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Flight Day: Countdown

Low clouds scrub launch

Launch director Mike Leinbach gave Endeavour's crew the "no go" to begin their STS-130 mission to the International Space Station (ISS) on Sunday, citing the low clouds over the Kennedy Space Center as violating launch criteria.

"We were just not comfortable with launching the space shuttle tonight, so we are going to go into a 24-hour scrub," Leinbach radioed the crew just nine minutes before their targeted liftoff time. "Thank you all for the effort you all put in tonight."

"You gave it a great try tonight. Sometimes you've got to just make the call," STS-130 commander George Zamka replied. "We understand and we'll give it another try tomorrow."

NASA is evaluating the weather forecast for Monday and Tuesday to decide which is better for the next attempt.

The soonest NASA can launch Endeavour is on Monday at 4:14 a.m. EST (0914 GMT). The current forecast calls for a 60 percent change of favorable conditions.

If Endeavour cannot launch by Tuesday, NASA is expected to delay the STS-130 mission's start until after the Atlas V launch of the Solar Dynamics Observatory (SDO).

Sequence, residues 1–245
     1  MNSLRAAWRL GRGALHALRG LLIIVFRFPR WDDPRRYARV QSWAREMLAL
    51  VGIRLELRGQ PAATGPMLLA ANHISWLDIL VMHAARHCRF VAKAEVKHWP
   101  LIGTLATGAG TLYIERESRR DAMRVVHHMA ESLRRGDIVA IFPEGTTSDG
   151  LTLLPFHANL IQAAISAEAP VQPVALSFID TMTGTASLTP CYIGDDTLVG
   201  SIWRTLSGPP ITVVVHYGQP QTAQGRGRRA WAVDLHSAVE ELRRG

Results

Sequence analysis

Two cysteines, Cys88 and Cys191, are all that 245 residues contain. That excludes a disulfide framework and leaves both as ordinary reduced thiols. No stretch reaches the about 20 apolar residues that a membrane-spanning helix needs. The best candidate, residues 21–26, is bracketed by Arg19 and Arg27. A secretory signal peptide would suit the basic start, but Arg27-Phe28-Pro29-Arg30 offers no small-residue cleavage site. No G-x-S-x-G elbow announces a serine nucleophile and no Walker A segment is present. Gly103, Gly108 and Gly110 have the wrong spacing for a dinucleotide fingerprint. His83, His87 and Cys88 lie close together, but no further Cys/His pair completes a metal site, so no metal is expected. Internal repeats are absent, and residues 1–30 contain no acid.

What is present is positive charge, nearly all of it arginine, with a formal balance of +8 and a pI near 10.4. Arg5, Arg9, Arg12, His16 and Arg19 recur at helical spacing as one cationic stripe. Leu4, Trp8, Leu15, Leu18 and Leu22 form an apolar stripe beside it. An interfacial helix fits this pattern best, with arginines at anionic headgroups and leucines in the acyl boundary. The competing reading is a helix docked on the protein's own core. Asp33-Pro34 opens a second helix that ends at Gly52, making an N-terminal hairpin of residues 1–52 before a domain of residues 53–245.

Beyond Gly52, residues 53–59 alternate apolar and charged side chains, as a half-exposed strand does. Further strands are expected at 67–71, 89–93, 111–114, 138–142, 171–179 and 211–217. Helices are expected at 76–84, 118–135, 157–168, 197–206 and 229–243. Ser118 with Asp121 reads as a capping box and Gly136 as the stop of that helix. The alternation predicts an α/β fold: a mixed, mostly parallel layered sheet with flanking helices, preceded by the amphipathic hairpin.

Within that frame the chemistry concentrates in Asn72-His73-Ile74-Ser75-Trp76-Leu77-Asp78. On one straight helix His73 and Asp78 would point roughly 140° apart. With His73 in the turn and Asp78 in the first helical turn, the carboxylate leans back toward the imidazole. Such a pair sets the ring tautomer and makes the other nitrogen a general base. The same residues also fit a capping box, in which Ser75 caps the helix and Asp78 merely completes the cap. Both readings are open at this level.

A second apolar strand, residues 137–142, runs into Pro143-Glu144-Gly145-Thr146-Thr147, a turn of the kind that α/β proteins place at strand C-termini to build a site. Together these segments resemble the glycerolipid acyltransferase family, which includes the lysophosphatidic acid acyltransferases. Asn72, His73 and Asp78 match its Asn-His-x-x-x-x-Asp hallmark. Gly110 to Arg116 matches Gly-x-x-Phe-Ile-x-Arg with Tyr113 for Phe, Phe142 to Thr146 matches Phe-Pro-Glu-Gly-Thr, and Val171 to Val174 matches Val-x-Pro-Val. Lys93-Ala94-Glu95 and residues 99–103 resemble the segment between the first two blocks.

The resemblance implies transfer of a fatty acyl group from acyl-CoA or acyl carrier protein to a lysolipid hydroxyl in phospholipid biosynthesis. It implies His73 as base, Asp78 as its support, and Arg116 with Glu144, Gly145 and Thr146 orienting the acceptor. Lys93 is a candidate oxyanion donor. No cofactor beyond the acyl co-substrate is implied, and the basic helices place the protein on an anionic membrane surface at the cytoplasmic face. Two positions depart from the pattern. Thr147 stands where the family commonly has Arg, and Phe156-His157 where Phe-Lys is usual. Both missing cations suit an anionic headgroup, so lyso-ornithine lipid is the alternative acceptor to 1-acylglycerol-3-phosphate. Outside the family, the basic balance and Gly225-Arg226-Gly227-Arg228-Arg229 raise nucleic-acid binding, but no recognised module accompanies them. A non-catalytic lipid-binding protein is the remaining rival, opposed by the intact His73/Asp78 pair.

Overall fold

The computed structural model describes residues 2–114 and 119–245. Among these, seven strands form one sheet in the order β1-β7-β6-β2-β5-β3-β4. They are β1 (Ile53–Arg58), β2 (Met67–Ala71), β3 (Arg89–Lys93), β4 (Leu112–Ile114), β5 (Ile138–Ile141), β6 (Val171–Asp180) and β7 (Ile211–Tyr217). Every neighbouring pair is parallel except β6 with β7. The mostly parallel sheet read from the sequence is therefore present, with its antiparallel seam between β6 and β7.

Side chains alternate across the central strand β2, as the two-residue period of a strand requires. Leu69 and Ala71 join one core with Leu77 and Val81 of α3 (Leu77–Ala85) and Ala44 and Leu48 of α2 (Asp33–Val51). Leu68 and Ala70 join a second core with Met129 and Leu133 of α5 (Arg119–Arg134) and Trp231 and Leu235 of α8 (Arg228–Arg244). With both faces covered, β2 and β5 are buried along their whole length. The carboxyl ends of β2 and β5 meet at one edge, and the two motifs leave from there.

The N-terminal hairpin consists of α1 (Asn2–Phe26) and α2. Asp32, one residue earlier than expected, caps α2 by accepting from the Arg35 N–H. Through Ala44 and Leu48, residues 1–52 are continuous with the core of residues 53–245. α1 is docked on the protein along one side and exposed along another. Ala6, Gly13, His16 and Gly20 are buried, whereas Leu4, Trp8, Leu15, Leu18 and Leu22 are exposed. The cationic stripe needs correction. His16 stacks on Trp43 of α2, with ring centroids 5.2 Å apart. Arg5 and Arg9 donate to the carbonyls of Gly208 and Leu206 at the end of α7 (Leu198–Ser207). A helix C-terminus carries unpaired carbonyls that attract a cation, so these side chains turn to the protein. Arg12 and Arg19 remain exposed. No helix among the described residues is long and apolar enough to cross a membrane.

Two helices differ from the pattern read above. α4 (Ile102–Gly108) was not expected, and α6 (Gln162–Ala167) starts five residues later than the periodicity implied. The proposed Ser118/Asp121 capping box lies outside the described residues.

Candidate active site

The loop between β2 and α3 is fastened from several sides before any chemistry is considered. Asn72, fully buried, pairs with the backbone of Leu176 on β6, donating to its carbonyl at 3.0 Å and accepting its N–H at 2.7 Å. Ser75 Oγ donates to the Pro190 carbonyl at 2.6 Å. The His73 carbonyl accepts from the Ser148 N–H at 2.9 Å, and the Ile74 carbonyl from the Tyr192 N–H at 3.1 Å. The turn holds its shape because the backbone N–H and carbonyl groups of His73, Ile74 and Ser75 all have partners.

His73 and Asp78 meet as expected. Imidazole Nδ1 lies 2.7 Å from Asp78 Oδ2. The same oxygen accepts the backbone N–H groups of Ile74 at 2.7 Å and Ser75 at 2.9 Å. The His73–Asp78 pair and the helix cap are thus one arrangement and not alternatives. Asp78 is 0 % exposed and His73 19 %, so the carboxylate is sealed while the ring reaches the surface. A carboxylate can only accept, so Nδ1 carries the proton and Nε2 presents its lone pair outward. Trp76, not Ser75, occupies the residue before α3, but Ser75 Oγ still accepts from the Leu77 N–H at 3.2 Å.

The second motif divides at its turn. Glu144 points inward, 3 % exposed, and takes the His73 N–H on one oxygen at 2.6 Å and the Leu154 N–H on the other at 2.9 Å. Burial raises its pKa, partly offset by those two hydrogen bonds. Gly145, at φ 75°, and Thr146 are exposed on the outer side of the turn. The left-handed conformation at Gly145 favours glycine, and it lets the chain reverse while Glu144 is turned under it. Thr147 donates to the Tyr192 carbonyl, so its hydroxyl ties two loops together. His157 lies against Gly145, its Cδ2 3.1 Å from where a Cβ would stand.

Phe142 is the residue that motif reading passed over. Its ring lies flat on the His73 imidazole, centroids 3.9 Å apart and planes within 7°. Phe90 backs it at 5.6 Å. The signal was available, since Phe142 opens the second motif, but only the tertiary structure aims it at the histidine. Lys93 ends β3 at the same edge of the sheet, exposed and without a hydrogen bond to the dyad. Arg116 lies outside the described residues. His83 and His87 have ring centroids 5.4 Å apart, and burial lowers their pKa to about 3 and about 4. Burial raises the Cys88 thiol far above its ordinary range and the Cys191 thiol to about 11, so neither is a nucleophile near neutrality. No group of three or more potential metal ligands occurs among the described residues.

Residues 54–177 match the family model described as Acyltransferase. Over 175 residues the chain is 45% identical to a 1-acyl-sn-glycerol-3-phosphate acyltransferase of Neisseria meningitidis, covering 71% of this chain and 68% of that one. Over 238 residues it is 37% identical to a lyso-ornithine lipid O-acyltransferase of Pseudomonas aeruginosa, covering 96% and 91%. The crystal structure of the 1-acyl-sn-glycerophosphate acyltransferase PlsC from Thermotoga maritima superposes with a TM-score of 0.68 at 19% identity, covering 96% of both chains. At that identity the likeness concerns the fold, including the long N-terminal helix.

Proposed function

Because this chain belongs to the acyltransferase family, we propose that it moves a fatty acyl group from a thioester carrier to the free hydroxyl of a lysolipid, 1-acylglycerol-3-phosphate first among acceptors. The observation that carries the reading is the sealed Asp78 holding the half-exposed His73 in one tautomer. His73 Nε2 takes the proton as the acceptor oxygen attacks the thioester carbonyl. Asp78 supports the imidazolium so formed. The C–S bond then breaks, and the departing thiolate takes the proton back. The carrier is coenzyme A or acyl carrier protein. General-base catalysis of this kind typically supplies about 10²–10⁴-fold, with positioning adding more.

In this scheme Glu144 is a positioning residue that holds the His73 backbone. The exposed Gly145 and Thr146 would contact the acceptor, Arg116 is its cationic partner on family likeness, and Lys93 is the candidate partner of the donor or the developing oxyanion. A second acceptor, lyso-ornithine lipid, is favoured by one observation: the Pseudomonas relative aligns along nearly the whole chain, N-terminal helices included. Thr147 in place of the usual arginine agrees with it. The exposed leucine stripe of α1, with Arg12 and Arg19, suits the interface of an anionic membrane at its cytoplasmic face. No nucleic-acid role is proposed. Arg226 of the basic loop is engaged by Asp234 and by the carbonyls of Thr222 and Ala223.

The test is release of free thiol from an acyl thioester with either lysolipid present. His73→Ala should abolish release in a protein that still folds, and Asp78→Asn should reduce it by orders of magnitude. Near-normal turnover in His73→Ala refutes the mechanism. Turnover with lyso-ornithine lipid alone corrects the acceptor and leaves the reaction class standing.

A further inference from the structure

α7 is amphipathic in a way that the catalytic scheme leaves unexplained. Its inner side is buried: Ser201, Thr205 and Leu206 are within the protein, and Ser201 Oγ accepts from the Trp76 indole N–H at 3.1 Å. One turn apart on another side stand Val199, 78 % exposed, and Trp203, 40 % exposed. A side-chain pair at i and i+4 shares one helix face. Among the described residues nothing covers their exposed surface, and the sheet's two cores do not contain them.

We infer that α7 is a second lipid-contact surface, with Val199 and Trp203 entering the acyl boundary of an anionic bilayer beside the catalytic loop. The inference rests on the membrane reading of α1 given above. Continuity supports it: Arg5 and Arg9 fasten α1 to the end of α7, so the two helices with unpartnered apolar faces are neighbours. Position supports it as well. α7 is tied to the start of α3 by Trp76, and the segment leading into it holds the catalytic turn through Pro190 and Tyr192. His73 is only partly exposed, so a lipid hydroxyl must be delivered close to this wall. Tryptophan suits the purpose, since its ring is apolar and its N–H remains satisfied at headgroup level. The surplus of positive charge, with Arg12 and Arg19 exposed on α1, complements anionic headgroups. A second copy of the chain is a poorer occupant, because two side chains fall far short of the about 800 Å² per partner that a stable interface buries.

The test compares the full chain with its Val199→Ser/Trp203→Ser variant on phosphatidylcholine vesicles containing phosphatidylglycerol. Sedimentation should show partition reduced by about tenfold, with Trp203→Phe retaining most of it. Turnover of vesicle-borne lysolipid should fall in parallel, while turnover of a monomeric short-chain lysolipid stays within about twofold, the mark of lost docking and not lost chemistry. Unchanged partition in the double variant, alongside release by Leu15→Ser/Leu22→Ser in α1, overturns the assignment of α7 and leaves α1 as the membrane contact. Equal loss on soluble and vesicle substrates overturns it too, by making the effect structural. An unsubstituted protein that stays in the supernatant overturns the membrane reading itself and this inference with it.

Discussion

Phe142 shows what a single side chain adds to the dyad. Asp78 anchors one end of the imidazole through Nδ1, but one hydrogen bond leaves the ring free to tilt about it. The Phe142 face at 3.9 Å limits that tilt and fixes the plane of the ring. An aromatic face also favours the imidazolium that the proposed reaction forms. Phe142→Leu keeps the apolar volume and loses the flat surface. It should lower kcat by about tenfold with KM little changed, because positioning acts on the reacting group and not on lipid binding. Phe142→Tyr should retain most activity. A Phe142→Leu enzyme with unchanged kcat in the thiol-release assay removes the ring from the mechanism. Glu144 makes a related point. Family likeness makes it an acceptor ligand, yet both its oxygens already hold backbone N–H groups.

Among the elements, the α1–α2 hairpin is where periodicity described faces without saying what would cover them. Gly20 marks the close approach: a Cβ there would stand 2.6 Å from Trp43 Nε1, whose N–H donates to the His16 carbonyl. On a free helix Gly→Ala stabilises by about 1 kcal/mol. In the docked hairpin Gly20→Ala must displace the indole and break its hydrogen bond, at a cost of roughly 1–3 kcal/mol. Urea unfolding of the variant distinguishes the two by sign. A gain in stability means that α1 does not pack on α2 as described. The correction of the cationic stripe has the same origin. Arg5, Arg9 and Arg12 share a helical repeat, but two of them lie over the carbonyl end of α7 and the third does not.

Update: Managers have decided to try again for Endeavour's launch tomorrow, Monday, at 4:14 a.m. EST (0914 GMT).


Credit: NASA TV

Robert Pearlman
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Flight Day: Countdown

Re-fueling underway

After being drained of its cryogenic liquid oxygen and liquid hydrogen following Sunday's morning scrub, Endeavour's external tank is now being refilled with propellants for Monday's launch attempt, scheduled for 4:14 a.m. EST (0914 GMT).

Fueling began at 6:50 p.m. It will take about three hours to load the tank with about 500,000 gallons of the super-cold propellants.

The STS-130 crew members were awakened at 5:20 p.m. They are scheduled to depart for Pad 39A and Endeavour at 12:19 a.m. EST.

The latest forecast predicts an 60% chance of favorable conditions at launch time, with the only concern being the possibility of low clouds as had thwarted the first attempt.


Credit: NASA TV

Robert Pearlman
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Flight Day: Countdown